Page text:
However, the development of carpooling is not smoothly in China [12]. One of the main works of research is legitimacy of carpooling. In “Tied Bus-Taking with Consideration,” the author made analysis on legitimacy. The paper thought that carpooling is different from unlicensed cars for the compensatory payment is lower than drivers’ expenses [13].

From existing research, there is no researcher involved in commute carpooling on fixed time and routes yet. This paper will study the commute carpooling based on fixed time and routes.

3. Design of Commute Carpooling Based on Fixed Time and Routes

3.1. Design of Carpooling Process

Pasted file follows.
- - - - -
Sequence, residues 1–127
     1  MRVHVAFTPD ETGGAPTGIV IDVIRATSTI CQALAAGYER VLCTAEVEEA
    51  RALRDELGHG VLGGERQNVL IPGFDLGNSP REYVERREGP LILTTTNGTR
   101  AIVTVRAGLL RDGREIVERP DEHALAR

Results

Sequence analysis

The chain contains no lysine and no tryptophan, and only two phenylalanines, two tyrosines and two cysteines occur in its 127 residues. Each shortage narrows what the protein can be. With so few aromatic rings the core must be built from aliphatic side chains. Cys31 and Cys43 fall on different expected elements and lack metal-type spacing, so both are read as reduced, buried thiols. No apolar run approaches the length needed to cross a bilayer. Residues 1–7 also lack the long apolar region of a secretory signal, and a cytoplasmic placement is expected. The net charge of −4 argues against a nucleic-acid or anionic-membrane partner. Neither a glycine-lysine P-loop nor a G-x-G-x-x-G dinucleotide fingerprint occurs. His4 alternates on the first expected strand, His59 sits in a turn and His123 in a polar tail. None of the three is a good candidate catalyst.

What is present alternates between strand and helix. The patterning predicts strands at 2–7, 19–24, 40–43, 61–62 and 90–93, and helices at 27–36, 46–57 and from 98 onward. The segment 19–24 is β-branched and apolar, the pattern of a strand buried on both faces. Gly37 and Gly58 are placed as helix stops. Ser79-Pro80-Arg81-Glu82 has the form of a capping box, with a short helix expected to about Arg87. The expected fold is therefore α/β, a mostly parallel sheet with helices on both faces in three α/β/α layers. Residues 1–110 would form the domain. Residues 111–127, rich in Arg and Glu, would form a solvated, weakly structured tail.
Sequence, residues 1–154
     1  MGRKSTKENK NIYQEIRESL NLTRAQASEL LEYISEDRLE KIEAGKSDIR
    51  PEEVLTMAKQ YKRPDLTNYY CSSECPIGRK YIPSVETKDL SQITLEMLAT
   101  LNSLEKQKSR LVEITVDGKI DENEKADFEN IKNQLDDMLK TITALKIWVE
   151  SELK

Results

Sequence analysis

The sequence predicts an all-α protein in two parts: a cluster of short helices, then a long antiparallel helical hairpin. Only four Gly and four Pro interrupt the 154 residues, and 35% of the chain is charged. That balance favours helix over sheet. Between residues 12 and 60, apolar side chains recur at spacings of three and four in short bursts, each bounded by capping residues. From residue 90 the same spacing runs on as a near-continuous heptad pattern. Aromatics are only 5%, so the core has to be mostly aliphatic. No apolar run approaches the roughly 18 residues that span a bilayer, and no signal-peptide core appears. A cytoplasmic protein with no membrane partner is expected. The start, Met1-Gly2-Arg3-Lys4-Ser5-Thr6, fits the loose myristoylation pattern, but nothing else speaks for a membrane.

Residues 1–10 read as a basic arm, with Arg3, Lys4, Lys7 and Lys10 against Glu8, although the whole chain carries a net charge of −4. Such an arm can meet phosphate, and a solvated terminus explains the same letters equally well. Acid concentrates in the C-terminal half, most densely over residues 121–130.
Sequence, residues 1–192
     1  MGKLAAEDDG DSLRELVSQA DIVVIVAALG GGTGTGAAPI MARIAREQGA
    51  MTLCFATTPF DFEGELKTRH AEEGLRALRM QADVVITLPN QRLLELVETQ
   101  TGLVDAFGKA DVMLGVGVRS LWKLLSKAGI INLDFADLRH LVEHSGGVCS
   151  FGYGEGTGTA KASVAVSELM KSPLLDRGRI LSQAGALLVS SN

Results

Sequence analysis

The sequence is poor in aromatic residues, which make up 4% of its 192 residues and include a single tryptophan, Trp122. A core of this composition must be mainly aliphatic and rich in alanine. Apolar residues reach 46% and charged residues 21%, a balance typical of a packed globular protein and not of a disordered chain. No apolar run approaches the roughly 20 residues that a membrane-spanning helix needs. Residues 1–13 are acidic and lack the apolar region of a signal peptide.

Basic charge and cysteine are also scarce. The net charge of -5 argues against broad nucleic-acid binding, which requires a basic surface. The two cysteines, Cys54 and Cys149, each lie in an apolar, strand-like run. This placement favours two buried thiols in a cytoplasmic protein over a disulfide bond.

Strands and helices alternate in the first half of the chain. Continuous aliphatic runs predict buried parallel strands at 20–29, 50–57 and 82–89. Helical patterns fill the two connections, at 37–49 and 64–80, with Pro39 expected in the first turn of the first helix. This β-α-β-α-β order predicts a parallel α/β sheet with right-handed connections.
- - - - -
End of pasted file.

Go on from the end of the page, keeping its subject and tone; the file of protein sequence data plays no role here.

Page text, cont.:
The fixed time and routes carpooling can be operated and managed by a pure public welfare or part-public welfare and part-profit company, which could be founded and supervised by the local transportation management office. The company’s primary task is building information platform for fixed time and routes carpooling, which is the basis for connecting both sides of carpooling. Also, the company is responsible for checking the effectiveness and legitimacy of the information of drivers and passengers. Besides, it is necessary to focus on those participants with illegal violation and bad credit history. Those serious cases can be directly rejected to join the carpooling system, in order to ensure the security, efficiency, and economy of the carpooling. In addition, all the personal information is invisible. The information which is accepted or rejected will be sent to users through the information platform directly.